The Amazon Rainforest is one of the world’s fascinating places. Its lush greenness is unlike anywhere else on Earth and for centuries, it has drawn travelers looking for adventure to it. Rainforests are associated with a feeling of calmness, and “Rainforest Sounds” CDs are bestsellers for anyone wanting relaxation music. You’d be forgiven for thinking it’s an oasis of tranquility and peacefulness.
But it’s also one of the deadliest places on Earth. There are so many creatures in the rainforest that could kill you before you knew anything about it, and the rainforest sounds would do nothing to calm you as you were dying from a spider bite or snake venom. But at least you’d die somewhere incredible. So, here are the Top 10 beautiful, unusual, amazing but deadly creatures of the Amazon.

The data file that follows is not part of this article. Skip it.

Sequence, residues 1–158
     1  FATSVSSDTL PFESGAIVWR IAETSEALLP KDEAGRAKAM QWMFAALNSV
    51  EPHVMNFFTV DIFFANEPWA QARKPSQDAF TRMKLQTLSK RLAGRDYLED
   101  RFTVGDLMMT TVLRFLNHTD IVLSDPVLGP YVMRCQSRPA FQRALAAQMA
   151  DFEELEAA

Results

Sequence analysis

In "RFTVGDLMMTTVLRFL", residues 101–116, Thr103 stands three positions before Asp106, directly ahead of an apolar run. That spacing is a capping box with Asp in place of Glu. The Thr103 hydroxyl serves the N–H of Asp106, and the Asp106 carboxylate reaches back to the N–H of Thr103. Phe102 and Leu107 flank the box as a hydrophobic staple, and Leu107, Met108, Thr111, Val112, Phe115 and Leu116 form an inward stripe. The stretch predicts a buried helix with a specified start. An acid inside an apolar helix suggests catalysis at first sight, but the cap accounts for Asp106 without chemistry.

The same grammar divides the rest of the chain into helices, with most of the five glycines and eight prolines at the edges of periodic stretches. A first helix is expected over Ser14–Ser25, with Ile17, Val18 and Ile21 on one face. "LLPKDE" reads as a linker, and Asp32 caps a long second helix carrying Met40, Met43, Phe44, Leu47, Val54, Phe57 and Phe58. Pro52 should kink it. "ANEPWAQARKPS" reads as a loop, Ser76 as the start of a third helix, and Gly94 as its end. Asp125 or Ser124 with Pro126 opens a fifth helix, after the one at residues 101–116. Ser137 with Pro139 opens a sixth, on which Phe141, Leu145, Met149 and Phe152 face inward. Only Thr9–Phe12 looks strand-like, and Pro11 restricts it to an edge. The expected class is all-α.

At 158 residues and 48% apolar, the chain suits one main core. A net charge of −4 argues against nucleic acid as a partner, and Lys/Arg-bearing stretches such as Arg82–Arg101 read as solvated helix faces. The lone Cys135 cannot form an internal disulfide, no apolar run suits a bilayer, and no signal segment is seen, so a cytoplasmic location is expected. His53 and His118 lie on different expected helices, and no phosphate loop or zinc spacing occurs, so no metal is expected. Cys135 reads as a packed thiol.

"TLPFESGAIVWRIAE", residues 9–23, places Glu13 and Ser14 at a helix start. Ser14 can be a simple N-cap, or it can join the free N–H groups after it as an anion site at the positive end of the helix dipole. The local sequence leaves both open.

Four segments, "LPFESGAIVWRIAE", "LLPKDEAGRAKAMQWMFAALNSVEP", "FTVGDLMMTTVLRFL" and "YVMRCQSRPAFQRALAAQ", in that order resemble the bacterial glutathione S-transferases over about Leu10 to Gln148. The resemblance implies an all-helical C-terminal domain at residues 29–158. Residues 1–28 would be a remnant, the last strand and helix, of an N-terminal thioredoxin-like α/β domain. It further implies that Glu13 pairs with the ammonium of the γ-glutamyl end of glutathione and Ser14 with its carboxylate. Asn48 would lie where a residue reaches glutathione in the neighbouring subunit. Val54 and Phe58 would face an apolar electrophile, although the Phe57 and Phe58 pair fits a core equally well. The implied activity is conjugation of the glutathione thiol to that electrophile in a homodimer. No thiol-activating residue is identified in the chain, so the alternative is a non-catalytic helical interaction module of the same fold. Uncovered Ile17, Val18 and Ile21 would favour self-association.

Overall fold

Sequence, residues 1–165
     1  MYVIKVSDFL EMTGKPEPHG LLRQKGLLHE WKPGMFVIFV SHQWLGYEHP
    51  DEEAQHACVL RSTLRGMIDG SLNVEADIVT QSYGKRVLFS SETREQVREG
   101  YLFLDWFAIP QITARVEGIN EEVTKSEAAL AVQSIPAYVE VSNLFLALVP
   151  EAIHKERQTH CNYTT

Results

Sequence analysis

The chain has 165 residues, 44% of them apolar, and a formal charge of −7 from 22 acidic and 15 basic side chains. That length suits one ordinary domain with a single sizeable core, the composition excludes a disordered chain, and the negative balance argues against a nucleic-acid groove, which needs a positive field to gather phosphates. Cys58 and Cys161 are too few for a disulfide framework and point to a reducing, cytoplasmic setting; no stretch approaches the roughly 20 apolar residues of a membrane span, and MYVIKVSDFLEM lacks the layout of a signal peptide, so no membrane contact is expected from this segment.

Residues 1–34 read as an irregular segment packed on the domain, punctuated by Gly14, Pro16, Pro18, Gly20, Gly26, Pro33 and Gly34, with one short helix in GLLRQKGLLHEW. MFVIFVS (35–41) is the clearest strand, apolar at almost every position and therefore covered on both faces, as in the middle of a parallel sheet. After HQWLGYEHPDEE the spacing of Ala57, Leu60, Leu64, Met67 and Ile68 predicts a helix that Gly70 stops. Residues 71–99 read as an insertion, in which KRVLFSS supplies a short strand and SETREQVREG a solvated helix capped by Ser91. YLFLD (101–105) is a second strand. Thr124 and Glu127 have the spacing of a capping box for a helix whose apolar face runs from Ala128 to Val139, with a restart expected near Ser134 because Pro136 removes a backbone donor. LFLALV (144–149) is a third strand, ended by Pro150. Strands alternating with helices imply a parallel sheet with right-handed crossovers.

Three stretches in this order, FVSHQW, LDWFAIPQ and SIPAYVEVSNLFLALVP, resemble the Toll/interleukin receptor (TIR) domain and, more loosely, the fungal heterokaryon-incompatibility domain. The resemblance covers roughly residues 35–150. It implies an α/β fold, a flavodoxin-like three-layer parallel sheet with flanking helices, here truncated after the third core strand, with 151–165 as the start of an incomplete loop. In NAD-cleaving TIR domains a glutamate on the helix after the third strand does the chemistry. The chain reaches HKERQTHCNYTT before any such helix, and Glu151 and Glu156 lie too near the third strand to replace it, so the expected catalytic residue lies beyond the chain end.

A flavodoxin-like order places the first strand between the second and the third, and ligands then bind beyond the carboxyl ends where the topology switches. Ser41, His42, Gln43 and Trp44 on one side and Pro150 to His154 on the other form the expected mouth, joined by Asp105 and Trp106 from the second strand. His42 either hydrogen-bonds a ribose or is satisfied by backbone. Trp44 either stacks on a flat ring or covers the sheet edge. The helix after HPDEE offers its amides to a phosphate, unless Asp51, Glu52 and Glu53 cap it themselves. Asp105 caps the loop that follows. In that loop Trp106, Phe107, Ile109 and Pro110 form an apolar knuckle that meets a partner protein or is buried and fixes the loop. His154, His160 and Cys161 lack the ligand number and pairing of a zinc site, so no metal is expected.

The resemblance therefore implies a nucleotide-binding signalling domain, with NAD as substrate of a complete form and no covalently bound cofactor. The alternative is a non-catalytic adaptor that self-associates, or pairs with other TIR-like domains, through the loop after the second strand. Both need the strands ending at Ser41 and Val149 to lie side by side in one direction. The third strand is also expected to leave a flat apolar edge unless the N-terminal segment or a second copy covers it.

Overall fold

10. Electric Eel
Let’s start with one that’s not deadly to humans, though it would deliver a bit of a shock. A 600V shock to be precise. The electric eel is actually a knifefish rather than an eel, and it lives in the freshwaters of the Amazon and its subsidiaries, mainly near the muddy bottom, although they come up frequently for air. Its shock could cause a heart attack in a human, and it’s effective for hunting its prey of small mammals and invertebrates.
Electric eels are rarely found in zoos and collections, because the built-in shock system makes it very difficult for them to be caught. Whenever humans try to catch them, they have to wait until the eel tires itself out and discharges all its electricity. Then it’s safe to go into the water. Little wonder that they aren’t recommended as pets!